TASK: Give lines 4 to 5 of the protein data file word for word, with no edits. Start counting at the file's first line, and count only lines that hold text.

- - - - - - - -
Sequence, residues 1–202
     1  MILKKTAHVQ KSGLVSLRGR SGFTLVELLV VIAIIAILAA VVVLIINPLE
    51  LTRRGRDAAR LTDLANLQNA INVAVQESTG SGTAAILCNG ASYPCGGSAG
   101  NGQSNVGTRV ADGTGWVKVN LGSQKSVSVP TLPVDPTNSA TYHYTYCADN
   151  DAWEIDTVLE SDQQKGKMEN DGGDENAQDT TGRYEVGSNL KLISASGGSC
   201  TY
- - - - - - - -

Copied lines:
   101  NGQSNVGTRV ADGTGWVKVN LGSQKSVSVP TLPVDPTNSA TYHYTYCADN
   151  DAWEIDTVLE SDQQKGKMEN DGGDENAQDT TGRYEVGSNL KLISASGGSC